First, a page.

Are patients responsible for HEDIS results?

Refusals can mar physicians’ scores

Health plans want all your eligible patients to receive mammograms, immunizations, pap smears, and other preventive care. But what if you provide a referral, and the patient refuses to go?

In a study of Health Plan Employer Data Information Set (HEDIS) data by the California Cooperative Healthcare Reporting Initiative (CCHRI), a collaborative of health plans, purchasers, and providers, about 8% of patients did not receive mammograms because they refused, and 5.5% of patients refused immunizations for their children.

Cultural issues and strongly held patient beliefs or values may influence their decision not to seek certain preventive care, notes Susan Black, MD, FAAFP, a family practitioner in Lowell, MA, and vice president of the American Academy of Family Physicians, which is based in Kansas City, MO.

For example, Black treats some young Portuguese and Greek women who do not want pelvic exams. She also treats women from Southeast Asia who do not want to undress before strangers and won’t get a mammogram, despite Black’s explanations about the need.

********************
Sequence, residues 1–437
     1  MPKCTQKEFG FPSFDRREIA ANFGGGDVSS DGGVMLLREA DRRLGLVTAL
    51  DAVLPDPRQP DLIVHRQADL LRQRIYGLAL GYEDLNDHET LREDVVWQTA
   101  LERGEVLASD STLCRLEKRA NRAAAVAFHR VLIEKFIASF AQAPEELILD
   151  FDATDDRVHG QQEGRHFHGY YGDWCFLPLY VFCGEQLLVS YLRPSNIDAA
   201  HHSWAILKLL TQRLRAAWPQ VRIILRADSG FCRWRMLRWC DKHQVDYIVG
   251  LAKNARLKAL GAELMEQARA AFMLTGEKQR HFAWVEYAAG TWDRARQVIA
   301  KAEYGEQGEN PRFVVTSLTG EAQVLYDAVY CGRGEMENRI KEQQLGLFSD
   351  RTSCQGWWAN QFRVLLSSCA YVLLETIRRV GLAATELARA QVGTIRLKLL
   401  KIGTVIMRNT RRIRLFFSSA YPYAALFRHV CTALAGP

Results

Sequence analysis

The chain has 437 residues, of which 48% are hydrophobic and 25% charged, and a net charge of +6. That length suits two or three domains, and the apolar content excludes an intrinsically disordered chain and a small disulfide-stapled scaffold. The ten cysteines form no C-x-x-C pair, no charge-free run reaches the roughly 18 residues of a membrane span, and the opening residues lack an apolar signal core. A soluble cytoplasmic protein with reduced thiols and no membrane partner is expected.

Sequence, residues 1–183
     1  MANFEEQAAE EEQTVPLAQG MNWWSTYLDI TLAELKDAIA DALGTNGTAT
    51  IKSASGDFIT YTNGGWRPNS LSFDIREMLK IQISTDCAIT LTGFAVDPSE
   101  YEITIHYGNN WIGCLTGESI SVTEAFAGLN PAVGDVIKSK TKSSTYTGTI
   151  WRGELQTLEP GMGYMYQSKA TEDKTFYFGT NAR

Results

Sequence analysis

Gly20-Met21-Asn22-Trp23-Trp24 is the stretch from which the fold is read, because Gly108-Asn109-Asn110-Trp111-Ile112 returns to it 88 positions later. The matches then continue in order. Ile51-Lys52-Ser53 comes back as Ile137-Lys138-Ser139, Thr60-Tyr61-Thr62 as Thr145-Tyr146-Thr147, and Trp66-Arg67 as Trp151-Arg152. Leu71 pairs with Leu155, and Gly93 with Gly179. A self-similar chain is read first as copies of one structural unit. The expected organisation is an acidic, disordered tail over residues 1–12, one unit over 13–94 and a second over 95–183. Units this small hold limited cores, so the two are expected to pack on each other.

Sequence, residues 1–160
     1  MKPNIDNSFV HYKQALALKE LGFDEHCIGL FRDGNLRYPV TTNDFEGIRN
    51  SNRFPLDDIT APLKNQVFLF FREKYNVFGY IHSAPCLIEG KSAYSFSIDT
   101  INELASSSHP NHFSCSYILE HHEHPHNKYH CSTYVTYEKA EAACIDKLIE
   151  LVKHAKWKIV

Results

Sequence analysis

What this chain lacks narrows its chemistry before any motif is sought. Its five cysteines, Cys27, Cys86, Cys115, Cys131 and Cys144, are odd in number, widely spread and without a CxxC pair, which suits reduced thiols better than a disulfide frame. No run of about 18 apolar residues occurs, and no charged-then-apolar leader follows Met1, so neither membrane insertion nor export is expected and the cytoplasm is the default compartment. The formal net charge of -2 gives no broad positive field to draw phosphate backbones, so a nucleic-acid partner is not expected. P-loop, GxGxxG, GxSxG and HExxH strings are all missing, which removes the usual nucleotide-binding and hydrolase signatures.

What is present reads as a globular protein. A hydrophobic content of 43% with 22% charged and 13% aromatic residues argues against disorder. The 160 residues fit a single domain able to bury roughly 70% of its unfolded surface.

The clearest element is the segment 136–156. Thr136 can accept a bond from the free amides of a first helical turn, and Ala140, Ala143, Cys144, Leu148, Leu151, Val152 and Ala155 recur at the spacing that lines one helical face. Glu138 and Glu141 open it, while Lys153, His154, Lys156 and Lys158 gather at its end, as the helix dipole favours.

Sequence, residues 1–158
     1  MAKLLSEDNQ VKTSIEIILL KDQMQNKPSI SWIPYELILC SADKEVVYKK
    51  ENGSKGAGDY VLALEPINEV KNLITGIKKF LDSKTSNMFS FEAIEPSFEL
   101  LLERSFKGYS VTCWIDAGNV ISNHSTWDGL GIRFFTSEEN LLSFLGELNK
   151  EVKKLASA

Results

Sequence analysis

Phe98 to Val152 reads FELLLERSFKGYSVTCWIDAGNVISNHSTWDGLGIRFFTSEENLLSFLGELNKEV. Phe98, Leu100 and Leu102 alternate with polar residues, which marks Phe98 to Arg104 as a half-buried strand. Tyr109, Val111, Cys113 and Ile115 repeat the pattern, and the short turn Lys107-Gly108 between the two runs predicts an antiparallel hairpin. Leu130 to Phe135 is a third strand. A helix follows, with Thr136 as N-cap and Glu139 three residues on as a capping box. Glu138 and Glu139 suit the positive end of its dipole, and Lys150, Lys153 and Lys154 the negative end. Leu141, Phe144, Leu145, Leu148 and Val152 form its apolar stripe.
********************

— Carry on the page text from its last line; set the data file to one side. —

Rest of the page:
"[Health plans] want over an 80% mammogram rate on HEDIS every two years," she says. "Some of my statistics were in the 60% and 70% ranges because women were refusing to get them."

MCOs put on the pressure

Black receives letters from managed care organizations about her mammogram rate along with printouts of patients who haven’t received the exams. She sometimes calls patients and tells them their insurance company really wants them to have a mammogram. But ultimately, compliance is up to the patient.

"It’s frustrating to get letters that make it look like you’re not doing a good job when you know you are," says Black, who has not been disciplined in any way. She sends information to the health plans about the patient refusals.

Any analysis of HEDIS at the physician or group practice level needs to take into account patient noncompliance, says Bernard M. Rosof, MD, FACP, president-elect of the American Society of Internal Medicine in Washington, DC, and a member of the Practicing Physicians Advisory Council, which provides input on HEDIS to the National Committee on Quality Assurance. "Patients will always have that choice [to receive HEDIS-related care]," he says.

At the Cedars-Sinai Medical Care Foundation in Beverly Hills, CA, chief administrative officer Mary Denton, RN, tries to come up with ways to lure young, healthy patients into the office for health screenings.

The group has extended its hours into the evenings and weekends. The practice sends reminder postcards to patients and participates in health fairs hosted by health plans and employers.